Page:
- Project Runeberg -  Through Siberia - the land of the future /
73

(1914) [MARC] Author: Fridtjof Nansen Translator: Arthur G. Chater - Tema: Russia
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OPEN SEA, EASTWARD TO THE YENISEI
73
Now perhaps geologists will object that the bed of
the Yenisei is determined by a dislocation of the earth’s
crust, whereby the flat land on the west side of its lower
course has sunk, while the land on the east side is what
geologists call a "horst," which has remained standing at
its original level. This may be so to some extent, but
it does not exhaust the matter. The bed of the Yenisei
may for all that have shifted in the course of ages from
west to east, but have been partly checked in this east
ward movement by coming upon this dislocation of
the earth’s crust, in places where the beds of rock were
higher, and where it became more difficult for the river
to excavate to the right.
Many things point to the river-bed håving really
undergone such a movement in the course of time. It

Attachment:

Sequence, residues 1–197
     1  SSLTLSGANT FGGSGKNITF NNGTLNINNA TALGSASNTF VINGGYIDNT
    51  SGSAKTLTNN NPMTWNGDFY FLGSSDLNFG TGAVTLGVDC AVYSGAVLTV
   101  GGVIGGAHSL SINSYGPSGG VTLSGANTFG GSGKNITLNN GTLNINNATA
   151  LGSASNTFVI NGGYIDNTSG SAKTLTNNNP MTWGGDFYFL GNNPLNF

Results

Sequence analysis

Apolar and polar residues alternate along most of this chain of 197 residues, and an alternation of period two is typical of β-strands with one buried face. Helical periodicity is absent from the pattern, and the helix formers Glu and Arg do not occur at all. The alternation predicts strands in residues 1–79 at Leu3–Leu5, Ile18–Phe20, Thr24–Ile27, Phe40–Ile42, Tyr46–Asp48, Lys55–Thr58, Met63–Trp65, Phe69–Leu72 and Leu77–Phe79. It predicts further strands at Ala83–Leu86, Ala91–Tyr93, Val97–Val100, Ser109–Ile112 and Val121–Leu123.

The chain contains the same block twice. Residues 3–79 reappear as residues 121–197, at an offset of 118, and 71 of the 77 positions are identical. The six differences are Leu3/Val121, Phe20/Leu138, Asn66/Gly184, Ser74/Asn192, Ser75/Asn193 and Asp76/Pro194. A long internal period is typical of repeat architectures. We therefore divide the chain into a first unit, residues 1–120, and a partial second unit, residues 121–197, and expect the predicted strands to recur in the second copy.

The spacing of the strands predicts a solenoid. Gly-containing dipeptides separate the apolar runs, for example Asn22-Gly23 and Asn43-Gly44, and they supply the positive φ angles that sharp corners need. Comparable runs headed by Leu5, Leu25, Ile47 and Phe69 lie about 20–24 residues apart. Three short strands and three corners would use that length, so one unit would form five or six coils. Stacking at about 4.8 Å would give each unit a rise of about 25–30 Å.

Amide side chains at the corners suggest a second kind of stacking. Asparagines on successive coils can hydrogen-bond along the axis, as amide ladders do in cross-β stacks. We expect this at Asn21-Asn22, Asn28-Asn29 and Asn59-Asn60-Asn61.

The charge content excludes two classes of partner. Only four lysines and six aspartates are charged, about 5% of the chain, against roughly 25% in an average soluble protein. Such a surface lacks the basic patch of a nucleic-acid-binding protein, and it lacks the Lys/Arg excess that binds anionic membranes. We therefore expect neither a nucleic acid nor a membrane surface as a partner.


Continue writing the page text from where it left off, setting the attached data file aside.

is not only where wc have rocks remaining from the dis
location that wc find the right (east) bank considerably
higher than the left (west), but also where the banks
on both sides of the river consist of loose strata, and
where no dislocation has tåken place, there, too, the
eastern bank is considerably higher than the western ;
and this applies to long reaches of the lower course of
the river. It seems to me that the only explanation of
this state of things is a movement of the river-bank
towards the right.
It became noticeably darker here at night. Wc
were now nearly in latitude 72° N., and had come
a good way south from Dickson Island, which lies
in 73J°.
At midnight, when I had just undressed to crawl
into my bunk, the ship struck the bottom ; once, and
then a second time. They were heavy bumps, but she
scraped over.
I went out on deck ; others came running out too.

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